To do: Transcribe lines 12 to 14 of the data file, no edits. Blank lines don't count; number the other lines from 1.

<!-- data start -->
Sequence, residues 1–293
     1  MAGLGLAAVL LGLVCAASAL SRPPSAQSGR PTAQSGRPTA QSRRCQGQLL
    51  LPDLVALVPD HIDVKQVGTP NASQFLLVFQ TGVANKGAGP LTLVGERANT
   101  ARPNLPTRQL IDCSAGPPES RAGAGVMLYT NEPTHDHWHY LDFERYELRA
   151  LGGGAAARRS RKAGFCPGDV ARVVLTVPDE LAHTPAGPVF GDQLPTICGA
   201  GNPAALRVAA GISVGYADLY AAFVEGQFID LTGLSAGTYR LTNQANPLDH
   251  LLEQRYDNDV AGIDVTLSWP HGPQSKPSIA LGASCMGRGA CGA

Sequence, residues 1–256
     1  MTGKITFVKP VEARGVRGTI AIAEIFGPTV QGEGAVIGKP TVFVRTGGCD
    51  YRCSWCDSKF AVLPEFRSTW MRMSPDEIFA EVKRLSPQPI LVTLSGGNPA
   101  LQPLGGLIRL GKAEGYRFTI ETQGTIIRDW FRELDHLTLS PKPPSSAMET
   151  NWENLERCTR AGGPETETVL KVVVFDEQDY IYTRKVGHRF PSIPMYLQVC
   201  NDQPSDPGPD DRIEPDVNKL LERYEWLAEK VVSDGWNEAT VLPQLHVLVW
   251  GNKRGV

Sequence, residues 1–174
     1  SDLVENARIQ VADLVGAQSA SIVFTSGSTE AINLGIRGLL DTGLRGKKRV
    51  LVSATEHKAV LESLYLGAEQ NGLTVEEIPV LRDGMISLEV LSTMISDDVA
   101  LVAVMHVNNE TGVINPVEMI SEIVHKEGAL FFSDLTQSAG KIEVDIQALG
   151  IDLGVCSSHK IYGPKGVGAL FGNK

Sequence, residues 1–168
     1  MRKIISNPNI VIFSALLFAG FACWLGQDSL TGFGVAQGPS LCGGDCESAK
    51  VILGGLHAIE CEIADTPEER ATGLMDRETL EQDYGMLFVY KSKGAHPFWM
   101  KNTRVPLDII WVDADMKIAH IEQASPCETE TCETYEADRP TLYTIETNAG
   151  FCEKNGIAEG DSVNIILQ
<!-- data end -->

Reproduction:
   151  NWENLERCTR AGGPETETVL KVVVFDEQDY IYTRKVGHRF PSIPMYLQVC
   201  NDQPSDPGPD DRIEPDVNKL LERYEWLAEK VVSDGWNEAT VLPQLHVLVW
   251  GNKRGV